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THEATER REVIEW For Peter Pan on Her 70th Birthday
by Scott C. Morgan, Windy City Times
2017-04-19


Playwright: Sarah Ruhl. At: Shattered Globe Theatre at Theater Wit, 1229 W. Belmont Ave. Tickets: 773-975-8150 or ShatteredGlobe.org; $35. Runs through: May 20

With the Chicago premiere of Sarah Ruhl's 2016 play For Peter Pan on Her 70th Birthday, Shattered Globe Theatre has already laid claim to the casting coup of the season. Ruhl wrote this play in honor of her theater-loving actress mother, Kathleen Ruhl, and she herself is playing her daughter's dramatized version of herself.

Like other Ruhl plays ( The Clean House, eurydice ), For Peter Pan… is filled with the playwright's usual dreamy mix of whimsy and seriousness. And since Ruhl has J.M. Barrie's most famous creation to riff on, For Peter Pan… can be especially potent and poignant in exploring faith, familial love and lost childhood.

The play begins with Kathleen Ruhl sharing anecdotes about playing Peter Pan as a child in Davenport, Iowa, and getting to meet arguably the most famous Peter Pan of the 20th century, the Broadway star Mary Martin. But the meat of the play really deals with Kathleen and her four grown siblings in the 1990s.

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Ruhl dramatizes the before-and-after moments when the five adults realize that they are no longer technically children. It's the hospital death of their last surviving parent, George ( Doug McDade ).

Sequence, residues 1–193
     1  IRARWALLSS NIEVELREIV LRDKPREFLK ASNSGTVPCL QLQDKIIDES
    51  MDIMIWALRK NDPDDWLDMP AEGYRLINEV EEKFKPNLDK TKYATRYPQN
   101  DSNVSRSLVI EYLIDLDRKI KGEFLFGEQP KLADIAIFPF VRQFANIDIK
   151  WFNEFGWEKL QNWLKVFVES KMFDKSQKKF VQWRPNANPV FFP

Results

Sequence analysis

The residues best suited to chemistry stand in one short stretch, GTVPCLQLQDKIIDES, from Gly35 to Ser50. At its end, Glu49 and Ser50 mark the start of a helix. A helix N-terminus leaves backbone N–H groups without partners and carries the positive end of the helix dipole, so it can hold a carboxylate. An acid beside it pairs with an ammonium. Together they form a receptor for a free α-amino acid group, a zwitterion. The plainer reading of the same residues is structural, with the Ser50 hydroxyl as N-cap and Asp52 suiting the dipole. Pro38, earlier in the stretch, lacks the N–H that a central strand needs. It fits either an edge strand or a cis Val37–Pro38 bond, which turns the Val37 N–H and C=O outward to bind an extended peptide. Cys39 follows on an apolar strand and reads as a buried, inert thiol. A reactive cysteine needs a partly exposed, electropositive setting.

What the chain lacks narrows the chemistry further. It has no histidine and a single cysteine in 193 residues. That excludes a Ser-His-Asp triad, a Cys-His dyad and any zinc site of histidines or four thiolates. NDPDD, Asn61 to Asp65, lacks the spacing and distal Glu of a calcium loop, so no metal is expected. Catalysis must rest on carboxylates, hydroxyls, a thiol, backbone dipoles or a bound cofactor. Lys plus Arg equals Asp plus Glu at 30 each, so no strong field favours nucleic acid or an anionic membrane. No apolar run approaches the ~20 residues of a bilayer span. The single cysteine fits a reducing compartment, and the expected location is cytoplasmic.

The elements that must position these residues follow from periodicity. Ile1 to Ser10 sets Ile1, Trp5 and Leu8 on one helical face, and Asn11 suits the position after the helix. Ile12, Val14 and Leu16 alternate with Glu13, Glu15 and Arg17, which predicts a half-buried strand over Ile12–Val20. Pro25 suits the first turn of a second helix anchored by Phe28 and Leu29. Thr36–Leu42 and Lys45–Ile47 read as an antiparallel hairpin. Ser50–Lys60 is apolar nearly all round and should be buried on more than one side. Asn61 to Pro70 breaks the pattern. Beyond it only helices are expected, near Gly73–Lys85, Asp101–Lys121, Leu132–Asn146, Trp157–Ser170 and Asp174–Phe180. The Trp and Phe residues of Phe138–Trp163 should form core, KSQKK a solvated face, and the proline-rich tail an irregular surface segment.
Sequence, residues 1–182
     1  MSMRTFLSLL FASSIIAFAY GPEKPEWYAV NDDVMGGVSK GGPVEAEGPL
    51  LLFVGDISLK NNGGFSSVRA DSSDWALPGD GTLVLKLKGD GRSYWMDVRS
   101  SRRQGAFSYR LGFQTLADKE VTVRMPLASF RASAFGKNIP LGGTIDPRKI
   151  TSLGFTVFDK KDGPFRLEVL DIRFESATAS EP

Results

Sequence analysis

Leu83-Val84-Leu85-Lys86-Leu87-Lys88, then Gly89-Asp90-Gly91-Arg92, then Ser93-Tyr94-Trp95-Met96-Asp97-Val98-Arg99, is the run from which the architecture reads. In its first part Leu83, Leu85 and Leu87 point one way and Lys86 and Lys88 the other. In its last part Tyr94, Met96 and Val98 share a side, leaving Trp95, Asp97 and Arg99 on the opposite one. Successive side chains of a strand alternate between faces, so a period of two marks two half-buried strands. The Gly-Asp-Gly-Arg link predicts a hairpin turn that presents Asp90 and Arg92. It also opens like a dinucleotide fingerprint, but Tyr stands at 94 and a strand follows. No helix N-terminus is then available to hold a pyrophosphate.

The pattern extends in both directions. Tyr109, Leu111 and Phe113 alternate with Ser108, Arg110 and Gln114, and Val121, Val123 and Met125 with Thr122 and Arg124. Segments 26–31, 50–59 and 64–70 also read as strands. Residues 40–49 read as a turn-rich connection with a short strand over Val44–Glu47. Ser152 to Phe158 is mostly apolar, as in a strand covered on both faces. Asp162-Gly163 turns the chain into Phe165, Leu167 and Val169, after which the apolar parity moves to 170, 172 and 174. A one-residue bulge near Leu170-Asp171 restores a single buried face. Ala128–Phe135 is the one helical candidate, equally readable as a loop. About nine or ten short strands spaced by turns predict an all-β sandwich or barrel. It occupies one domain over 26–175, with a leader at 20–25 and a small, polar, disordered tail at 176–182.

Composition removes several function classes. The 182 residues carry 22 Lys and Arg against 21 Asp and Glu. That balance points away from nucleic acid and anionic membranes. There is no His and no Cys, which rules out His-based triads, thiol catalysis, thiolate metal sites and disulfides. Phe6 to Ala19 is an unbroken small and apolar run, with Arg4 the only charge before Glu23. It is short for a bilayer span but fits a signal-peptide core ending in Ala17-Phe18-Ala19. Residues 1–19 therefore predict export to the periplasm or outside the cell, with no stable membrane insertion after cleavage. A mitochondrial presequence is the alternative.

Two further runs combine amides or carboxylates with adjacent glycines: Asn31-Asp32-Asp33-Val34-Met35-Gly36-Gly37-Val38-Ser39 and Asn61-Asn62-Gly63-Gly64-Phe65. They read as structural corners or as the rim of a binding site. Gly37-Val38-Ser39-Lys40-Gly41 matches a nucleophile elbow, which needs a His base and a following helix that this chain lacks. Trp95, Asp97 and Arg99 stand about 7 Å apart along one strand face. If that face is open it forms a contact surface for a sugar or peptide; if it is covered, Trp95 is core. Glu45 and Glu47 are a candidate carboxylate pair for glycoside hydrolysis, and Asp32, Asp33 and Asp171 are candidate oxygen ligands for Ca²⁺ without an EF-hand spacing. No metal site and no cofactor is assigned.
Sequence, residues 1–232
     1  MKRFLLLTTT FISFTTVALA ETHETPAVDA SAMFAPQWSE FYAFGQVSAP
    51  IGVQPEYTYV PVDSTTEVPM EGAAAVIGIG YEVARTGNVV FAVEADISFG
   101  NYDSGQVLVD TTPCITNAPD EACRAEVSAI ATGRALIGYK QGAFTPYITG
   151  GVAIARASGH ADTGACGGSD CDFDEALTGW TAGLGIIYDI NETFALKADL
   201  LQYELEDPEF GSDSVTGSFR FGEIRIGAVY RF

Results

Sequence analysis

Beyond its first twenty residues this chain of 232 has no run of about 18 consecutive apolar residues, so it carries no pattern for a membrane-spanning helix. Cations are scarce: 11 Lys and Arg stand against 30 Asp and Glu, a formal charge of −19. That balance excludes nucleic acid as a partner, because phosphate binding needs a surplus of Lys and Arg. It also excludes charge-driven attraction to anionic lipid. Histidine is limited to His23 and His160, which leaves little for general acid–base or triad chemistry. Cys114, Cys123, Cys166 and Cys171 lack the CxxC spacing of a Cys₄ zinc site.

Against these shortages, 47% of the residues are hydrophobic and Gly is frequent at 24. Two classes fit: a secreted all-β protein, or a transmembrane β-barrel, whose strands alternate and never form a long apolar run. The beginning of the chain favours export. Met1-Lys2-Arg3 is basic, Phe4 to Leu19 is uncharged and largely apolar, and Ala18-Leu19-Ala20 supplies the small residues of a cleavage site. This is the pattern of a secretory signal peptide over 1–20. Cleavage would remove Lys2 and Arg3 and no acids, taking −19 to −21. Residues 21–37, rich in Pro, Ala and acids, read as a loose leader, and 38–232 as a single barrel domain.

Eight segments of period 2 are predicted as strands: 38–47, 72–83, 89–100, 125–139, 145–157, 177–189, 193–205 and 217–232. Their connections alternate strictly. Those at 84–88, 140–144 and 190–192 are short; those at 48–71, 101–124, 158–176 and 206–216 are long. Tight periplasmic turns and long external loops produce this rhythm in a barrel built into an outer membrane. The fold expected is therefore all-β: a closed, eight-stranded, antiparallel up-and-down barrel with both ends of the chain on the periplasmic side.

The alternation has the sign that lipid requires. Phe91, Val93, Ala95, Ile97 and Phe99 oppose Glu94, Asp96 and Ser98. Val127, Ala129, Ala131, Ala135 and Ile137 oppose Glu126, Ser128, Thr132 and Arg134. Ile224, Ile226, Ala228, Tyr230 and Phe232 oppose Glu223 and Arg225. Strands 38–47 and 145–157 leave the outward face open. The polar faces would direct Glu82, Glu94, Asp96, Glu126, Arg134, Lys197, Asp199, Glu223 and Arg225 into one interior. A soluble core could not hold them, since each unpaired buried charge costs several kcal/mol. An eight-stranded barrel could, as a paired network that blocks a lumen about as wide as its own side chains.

The siblings then hash out the happy/sad memories of their childhood, career choices and questions of faith and belief. These arguments that then veer into angrily divisive political views which almost feel shoehorned in. The brothers played by Patrick Thornton, H.B. Ward and Ben Werling are all aggressively conservative, while Ruhl and her sister played by Eileen Niccolai are both defensively liberal.

Into this mix, George and a family pet make "unseen" appearances as if Ruhl suggests that a person can still be alive as long as they live on in others' memories. And given the play's title, the siblings do get to dress up in Peter Pan character drag to highlight how one's childhood is nearly impossible to recapture.

Despite the lack of stage flying as in previous productions of For Peter Pan…, director Jessica Thebus does work well with production designer Michael Stanfill to inject the necessary stage magic into the production. What isn't quite there is the feeling among the ensemble that they're all siblings with lifelong patterns of familial love and resentment. Hopefully that sense will emerge more naturally as the run continues.

But what is nice about For Peter Pan… is the way that playwright Ruhl honors her actress mother. As long as For Peter Pan… is produced, Kathleen Ruhl and her family relations will continue to live. In this instance, this theatrical gift of life is certainly a wonderful present.

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